Barcelona native Joan Miró is one of the key artists of twentieth century. He created a unique visual language that had a decisive influence on the people of Barcelona and Catalonia; leaving a legacy that still influences people in- and outside the art world today. Follow in his footsteps and see the city of Barcelona through the eyes of the young Miró, part 1.
Born on April 20, 1893 Joan Miró i Ferrà first lives in a small passage way off Carrer de Ferran, Passatge del Crèdit, 4, Barcelona, near Plaça Sant Jaume. Miró’s parents Dolors Ferrá i Oromí (of Majorcan descent) and Miquel Miró Adzerias, a watchmaker and silversmith with his own store in Carrer de Ferran, notice his creative talent from an early age. Joan has an overwhelming urge to be creative, he is always busy making or drawing something. To stimulate his passion for the arts Miró’s parents send him to a private primary school in Carrer del Regomir 13, where the drawing lessons by Mr Civil become the driving force to keep him in school. Miró does not like his formal training much, when asked he describes himself as a poor student.
Also during his secondary school years at Instituto Provincial de Segunda Enseñanza de Barcelona ( Historical Building of the University, Plaça de la Universitat,Barcelona) Miró has a natural tendency to slack off and look for things he found more interesting. He was diagnosed as hyperactive, as he showed a severe lack of concentration in the study. Later he commented on this by saying that he wasn’t the least bit interested in studying; besides being easily distracted, he had difficulties to submit to the required discipline.
To the dislike of his parents Miró drops out of secondary school in the final year. Only 14 years old he leaves formal education without the usual Bachelor degree. What was obvious to Miró, becomes clear to his parents too. Miró desperately wants to be a painter. As his family did not have much confidence in the economic value of the Catalan art market, Miró’s artistic desires were delayed for several years.
Miró’s parents resolve to enrol him in the School of Commerce in Barcelona to brighten his chances. In defiance of his father wishes he registers himself as well at the School of Arts and Crafts and Fine Arts the Llotja, Passeig Isabel II, 1, 08003 Barcelona, where he first studies landscape art with Modest Urgell Inglada (1907-1909) and later decorative arts with Josep Pascó Merisa (1908 to 1910).
In 1909 Santiago Segura opens The Faianç Català (Gran Via de les Corts Catalanes, 615), a gallery that promotes avant-garde art or “Noucentisme”. Miró often attends exhibitions there. In the Faianç Català slipstream the satirical magazine “Papitu” appears, with illustrations by ‘Apa’ Aragay Gray Junoy, Can, Nonell, Pidelaserra, among others. It became the favourite magazine of Miró and many other Catalan artists.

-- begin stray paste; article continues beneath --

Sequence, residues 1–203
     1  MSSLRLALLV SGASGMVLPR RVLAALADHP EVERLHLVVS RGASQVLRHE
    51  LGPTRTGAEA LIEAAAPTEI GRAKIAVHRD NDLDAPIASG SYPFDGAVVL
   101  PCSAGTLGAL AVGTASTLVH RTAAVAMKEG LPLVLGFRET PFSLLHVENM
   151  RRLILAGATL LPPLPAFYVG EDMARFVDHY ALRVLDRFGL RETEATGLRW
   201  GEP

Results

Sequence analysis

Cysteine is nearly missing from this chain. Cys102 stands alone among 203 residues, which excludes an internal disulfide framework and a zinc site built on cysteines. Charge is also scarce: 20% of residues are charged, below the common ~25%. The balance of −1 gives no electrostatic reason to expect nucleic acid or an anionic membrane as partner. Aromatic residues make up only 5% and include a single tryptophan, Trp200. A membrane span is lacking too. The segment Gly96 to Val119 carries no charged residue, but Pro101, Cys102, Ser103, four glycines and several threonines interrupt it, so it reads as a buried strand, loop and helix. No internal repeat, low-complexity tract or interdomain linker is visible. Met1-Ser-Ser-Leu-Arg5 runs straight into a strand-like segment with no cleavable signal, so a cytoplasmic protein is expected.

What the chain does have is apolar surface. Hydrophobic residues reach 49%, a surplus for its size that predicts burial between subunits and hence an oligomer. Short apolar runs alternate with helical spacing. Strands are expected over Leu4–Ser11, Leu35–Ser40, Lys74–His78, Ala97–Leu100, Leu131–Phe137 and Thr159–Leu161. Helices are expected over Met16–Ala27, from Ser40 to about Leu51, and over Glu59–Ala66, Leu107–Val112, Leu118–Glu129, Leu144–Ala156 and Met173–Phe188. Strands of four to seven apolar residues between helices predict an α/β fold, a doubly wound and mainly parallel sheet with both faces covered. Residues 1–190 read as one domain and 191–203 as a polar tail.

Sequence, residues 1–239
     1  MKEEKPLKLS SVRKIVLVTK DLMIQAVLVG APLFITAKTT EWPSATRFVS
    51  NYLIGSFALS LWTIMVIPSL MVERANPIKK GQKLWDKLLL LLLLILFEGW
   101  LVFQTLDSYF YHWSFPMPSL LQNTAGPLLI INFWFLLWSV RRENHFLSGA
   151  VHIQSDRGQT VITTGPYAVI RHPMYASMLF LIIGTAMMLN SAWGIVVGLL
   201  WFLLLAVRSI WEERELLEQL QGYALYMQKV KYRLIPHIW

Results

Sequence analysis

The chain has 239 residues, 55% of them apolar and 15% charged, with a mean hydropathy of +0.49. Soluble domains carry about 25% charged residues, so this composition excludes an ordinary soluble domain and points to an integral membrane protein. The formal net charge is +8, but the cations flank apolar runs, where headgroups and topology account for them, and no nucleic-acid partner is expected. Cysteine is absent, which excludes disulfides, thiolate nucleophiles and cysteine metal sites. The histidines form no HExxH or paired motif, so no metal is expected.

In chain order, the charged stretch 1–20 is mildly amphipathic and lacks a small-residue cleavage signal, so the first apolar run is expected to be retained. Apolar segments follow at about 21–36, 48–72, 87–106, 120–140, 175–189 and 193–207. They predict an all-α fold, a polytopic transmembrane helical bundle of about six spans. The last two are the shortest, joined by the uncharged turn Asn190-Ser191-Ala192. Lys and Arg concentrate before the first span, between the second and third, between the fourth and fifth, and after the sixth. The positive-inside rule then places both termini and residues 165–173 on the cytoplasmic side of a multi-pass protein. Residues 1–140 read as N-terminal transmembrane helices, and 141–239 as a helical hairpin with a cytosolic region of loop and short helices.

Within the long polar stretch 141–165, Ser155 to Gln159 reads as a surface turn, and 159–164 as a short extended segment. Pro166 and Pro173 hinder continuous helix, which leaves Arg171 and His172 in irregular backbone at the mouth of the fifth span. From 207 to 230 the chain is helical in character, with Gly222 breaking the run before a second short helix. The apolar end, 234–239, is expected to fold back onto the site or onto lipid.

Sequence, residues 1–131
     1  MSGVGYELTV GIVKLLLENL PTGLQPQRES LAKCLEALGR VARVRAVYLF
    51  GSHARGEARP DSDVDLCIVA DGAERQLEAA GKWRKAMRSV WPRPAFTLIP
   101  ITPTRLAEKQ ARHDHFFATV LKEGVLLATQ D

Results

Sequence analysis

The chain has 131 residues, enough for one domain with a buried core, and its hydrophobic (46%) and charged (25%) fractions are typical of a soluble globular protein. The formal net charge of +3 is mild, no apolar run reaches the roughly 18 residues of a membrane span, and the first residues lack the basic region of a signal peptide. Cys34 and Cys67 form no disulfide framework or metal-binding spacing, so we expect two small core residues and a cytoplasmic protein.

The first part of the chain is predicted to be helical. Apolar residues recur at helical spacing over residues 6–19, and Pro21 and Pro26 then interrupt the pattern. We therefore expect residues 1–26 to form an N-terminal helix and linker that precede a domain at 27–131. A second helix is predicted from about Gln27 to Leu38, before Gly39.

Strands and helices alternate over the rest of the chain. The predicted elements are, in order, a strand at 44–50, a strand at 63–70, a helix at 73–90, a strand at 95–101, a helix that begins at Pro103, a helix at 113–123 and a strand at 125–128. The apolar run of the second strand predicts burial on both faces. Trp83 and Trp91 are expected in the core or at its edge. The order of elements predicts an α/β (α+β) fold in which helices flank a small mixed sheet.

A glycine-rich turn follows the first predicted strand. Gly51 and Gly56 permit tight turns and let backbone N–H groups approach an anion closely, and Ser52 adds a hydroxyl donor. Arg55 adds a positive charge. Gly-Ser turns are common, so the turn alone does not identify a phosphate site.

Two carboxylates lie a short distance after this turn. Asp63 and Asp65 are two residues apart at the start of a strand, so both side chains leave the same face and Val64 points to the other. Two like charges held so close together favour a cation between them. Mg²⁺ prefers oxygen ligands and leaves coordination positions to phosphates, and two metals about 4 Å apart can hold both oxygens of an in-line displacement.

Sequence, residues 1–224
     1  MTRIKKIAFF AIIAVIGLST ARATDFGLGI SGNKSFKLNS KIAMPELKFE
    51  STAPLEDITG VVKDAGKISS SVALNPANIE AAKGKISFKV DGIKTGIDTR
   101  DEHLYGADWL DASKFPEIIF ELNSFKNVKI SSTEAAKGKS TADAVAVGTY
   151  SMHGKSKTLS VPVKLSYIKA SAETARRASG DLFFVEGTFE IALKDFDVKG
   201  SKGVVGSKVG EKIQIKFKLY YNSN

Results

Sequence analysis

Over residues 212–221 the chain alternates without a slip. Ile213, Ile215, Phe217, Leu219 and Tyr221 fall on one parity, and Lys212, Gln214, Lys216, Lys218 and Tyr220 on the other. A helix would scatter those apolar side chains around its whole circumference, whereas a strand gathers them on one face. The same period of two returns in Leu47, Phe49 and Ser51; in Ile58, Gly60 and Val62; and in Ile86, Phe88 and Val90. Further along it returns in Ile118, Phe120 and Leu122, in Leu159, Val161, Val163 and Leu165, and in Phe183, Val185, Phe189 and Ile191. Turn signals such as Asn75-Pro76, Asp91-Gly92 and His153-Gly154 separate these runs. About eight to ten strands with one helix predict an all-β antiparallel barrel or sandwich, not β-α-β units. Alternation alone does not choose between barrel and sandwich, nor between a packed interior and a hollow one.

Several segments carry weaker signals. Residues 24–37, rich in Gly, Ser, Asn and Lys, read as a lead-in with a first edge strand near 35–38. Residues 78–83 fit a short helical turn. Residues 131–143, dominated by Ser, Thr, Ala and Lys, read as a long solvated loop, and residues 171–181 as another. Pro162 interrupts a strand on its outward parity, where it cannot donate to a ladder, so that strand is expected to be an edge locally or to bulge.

To please his parents he starts to work in 1910 as an unpaid trainee bookkeeper at the hardware and chemicals firm Establecimientos Dalmau Oliveres (now Edosa) at the junction of Carrer de la Princesa with Vía Laietana, 08003 Barcelona. Very unhappy with his job, Miró falls ill and catches typhoid fever. His family sends him to Mont-roig del Camp in the province of Tarragona, to recuperate, a determining moment in his development as an artist.
On July 20th 1911, he exhibits for the first time a painting at the “VI Exposición Internacional de Arte” in Barcelona organised by Barcelona’s town hall in the (now demolished) Palau de Belles Arts / Museum Palace of Fine Arts on the corner of Passeig de Lluís Companys and Passeig de Pujades. This first exhibition gives Miró the push he needs. He decides to devote himself entirely to painting. In 1912 his parents allow him to attend the Francesc Galí Art School (Carrer de la Cucurulla, 4, 08002 Barcelona) operated by the architect Francesc Gali. Francisco Galí took a liking to Miró and not only became his mentor in modern art, but also installed in Miró a love for the modernist architecture of Barcelona and the buildings of Antoni Gaudí.
Galí saw that Miró was struggling to draw from life and advised him to touch the objects he was about to draw with his eyes shut so he could understand the spatial quality of objects, although Miró’s inability to draw was well compensated by his sense of colour and form. During his whole working life Miró stayed more passionate about colour and discovering form than drawing the academic way. At the Francesc Galí Art School he teams up with Joan Prats, Josep Francesc Ràfols, Enric Cristòfol Ricart.
From 1913 on he also frequents El Cercle Artístic de Sant Lluc (Carrer de Montsió, 3, 08002 Barcelona) located in the same building as the former Els Quarte Gats, a cafe, cabaret and a buzzing gathering place in the early 1900s frequented by intellectuals and artists, Picasso among them. Until its closure in 1903 (due to bad financial management) Els Quarte Gats was one of the artistic and cultural epicentres of Barcelona.
In 1916 Miró meets art dealer Josep Dalmau, who shows an interest in his work. Josep Dalmau was a gallery owner and promoter of the arts, but also a visionary who organised international avant-garde exhibitions in his gallery on the Carrer de la Portaferrissa, 18, 08002 Barcelona, a gallery he managed from 1911 to 1923. In the same year Miró rents a studio with Enric Cristòfol Ricart at Carrer de Sant Pere Més Baix, 15, 08003 Barcelona, which they share until 1918.